Museum

YOSHITOMO NARA RETROSPECTIVE EXHIBITION @ LACMA – PREVIEW

I’ve been writing about my trip to France and Spain four and a half years ago, but I just went to the Los Angeles County Museum of Art (LACMA) on the first day of Yoshitomo Nara’s retrospective exhibition, which began for LACMA members on March 26, 2021 and I wanted to write about while the visit was fresh in my mind.

The exhibition was originally scheduled to open in April 2020, the has been closed due to COVID and the retrospective exhibition has been postponed. I was following Nara’s Twitter, and he stated that he traveled to Los Angeles in the summer and after two weeks of isolation, he started working on the exhibition with the LACMA team. Due to the postponement of the event some of the works were not available. As a result, Nara reported that there was a work new work created because he could not go out due to COVID. Nara commented that he ended up participating in this retrospective exhibition unexpectedly.

I received an email on March 15th that LACMA will reopen on March 26th. From March 26th, only LACMA members will be able to enter, and it will be open to the public after April 1st. I was worried that there would be a ticket rush like Yayoi Kusama’s “Yayoi Kusama: Infinity Mirrors” held at The Broad, but I could easily secure a ticket for the very first time slot on the first day of the exhibition was available for member’s preview.

The tickets are scheduled to a time slot, maximum capacity for any time slot was 25% of normal, masks must be worn, social distance must be maintained, health emails must be answered in advance on the day of viewing, temperature is measured at the time of admission, and tickets are QR coded and scanned at the museum. There was no contact with the staff, and safety measures were taken firmly. However, since I have only received the first dose of the COVID-19 vaccine, I decided I will take a quick look at the exhibition at this time and come back to see it more closely once I am fully vaccinated. The exhibition runs through July 5th. Originally it was to be held from April 5th to August 23rd, 2020, so as a result of the delay it has been shortened by about a month and a half.

There was a line to enter to ensure social distance was met, but I didn’t feel the waiting time was long. However, if you concentrate too much on the works and your photography of the exhibition, it can be easy to accidentally violate the social distancing expectations.

I think there were a total of 10 exhibition spaces of different sizes depending on the theme. The first space was dominated by the display of 352 records. It would take a year to listen to all these albums if you listened to one a day.

I am grateful Nara brought this work to LA – I had seen it on Nara’s social media and his fan commented that they were impressed by it when they saw it at Nara’s solo exhibition at the Toyota Municipal Museum of Art. Certainly, it was peaceful watching the tears (water) flow from the the eyes of the statue.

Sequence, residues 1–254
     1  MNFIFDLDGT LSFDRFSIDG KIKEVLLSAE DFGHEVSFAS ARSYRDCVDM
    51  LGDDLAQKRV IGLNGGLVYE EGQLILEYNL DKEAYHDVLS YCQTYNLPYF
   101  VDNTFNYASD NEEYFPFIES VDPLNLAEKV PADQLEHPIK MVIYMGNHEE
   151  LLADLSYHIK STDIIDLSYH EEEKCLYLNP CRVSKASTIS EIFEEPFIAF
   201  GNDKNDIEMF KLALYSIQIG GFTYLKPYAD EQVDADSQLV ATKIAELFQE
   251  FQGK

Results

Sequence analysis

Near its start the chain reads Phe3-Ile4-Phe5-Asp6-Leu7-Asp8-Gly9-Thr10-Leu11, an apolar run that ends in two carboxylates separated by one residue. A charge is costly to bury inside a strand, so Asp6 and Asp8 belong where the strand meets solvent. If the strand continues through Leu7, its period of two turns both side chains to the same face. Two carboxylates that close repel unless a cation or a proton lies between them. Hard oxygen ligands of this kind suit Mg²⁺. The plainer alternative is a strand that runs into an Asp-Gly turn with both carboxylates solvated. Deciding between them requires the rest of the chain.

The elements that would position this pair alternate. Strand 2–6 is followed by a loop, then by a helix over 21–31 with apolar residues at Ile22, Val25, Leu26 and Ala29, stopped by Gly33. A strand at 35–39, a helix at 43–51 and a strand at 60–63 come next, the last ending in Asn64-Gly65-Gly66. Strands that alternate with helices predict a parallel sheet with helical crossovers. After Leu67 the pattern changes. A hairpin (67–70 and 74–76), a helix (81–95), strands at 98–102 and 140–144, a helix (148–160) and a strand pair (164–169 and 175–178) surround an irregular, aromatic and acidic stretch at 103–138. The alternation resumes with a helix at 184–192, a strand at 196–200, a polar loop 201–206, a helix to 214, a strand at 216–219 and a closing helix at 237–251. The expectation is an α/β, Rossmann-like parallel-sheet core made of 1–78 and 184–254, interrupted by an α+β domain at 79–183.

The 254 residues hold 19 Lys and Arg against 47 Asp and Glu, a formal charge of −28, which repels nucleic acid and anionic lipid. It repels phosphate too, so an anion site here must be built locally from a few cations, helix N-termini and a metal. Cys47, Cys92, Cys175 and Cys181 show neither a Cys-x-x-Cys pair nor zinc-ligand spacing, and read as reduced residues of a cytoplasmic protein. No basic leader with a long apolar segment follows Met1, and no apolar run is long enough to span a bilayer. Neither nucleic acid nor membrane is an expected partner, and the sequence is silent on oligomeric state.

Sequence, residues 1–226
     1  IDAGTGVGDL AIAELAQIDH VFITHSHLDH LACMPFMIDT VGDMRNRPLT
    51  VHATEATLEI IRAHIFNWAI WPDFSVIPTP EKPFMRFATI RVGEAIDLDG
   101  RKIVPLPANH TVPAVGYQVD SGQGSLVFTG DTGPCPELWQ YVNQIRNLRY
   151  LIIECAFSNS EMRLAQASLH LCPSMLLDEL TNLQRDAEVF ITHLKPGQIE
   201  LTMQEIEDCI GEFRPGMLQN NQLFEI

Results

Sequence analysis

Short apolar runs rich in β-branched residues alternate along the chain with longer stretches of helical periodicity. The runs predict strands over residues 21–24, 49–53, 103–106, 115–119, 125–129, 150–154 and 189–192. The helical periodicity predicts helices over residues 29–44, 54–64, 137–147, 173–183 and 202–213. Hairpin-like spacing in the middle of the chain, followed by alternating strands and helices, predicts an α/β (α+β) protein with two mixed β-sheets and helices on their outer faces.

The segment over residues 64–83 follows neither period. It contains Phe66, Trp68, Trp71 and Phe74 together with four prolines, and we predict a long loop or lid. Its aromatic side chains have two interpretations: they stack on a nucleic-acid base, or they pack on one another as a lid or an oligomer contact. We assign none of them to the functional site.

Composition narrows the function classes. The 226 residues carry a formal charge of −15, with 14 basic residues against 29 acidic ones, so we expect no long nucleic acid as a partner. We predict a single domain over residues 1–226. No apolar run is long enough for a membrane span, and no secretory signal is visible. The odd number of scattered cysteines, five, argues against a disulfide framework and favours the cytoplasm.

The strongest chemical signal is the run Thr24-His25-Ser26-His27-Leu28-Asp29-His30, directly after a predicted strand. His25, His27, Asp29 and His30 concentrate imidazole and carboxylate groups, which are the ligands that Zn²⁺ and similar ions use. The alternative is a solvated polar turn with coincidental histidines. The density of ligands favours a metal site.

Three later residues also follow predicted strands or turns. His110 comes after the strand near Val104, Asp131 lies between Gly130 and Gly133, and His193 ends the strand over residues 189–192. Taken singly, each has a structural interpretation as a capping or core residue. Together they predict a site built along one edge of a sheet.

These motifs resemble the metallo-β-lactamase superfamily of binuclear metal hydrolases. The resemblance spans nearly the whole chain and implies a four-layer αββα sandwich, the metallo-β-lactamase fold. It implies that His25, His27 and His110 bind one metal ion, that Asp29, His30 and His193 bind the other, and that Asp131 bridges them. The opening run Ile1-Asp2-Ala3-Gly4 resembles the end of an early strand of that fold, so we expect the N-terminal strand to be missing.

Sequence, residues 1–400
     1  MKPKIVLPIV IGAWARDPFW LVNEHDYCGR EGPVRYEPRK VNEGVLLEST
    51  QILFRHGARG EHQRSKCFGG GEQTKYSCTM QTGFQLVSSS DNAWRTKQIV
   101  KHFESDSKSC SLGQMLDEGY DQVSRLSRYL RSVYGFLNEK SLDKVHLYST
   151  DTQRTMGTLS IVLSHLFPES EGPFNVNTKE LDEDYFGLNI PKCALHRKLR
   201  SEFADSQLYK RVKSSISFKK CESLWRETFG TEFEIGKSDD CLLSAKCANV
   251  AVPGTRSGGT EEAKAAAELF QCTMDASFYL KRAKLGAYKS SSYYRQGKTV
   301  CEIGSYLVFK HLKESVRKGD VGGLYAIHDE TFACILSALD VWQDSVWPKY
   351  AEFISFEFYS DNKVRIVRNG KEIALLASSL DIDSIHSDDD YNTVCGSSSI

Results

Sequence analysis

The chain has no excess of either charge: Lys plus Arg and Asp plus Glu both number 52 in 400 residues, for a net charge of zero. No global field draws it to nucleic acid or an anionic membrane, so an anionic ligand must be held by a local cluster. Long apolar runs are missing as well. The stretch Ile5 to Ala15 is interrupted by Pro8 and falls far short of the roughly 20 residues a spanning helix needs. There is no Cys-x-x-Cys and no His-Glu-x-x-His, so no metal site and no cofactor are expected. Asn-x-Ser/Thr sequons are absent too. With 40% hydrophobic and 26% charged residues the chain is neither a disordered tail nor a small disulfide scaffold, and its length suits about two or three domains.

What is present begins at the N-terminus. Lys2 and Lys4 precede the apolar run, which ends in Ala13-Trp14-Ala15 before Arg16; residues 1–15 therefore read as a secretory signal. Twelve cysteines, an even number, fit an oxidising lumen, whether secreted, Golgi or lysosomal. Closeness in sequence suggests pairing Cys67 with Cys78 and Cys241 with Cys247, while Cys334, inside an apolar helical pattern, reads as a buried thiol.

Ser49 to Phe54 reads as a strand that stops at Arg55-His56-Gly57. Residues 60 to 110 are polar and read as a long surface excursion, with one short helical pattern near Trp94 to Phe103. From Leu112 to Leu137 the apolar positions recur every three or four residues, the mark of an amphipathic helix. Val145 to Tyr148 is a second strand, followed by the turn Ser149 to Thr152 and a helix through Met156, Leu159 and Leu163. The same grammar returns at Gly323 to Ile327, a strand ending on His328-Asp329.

The room where the drawings are collected has an overwhelming number of works. The smaller ones are postcards and notebooks, and it takes a considerable amount of time to see them all.

In these days, his exhibitions include a hut, and music playing in the hut is an integral part of the piece. This is Nara’s world. It was interesting to see visitors ignore the tape line at their feet and rush to the window, and the museum staff had to remind the each time not to cross the line.

There were so many drawings scattered on the floor of the hut.

Personally, I was most impressed with “After The Acid Rain (Night Version)”. Looking at Nara’s book, I liked the facial expressions, background, and eye color, but the impression of the eyes was completely different between the original art and the book. That’s because you can’t tell in a book that the eyes are sparkling with glitter. The position where the work is installed is not too high, and I was able to see it at the best position, which is almost the same as this line of sight.

If you shoot with zoom, you can see that the eyes are shining with glitter. However, I want you to feel this in the actual work. The technology of the camera is amazing, but it is not comparable to the power that the human eye can capture. It is such a work that the way the eyes shine and the facial expression changes when you move a little.

This is the last exhibition space. This is a masterpiece with a large array of large works. The position of the work is also well above my line of sight, so I felt a little intimidated.

When I come next time, I would like to take a closer look at each work. By the way, how many works can you see in a day without interrupting your concentration? Nara himself does not have an assistant, so looking back on this exhibition, he wondered if he really came by himself. It was said to be the largest retrospective exhibition of Nara so far. I will go to LACMA in May. LACMA members are free every time they pay the annual membership fee, so it’s a great deal! It was held about a year later than expected, but it was well worth the wait.

As the last work, the work produced during the pandemic is exhibited. The impression is very different from other works.

Speaking of LACMA, this is “Urban Light”. There are always a lot of people, but before the entrance, there were only a few people, and I was able to shoot the moment when no one was there. Next to this “Urban Light”, Nara’s work “Miss Forest (LACMA Version)” is on display. Everyone seemed unaware that is was there and there was no one but us and the guards.

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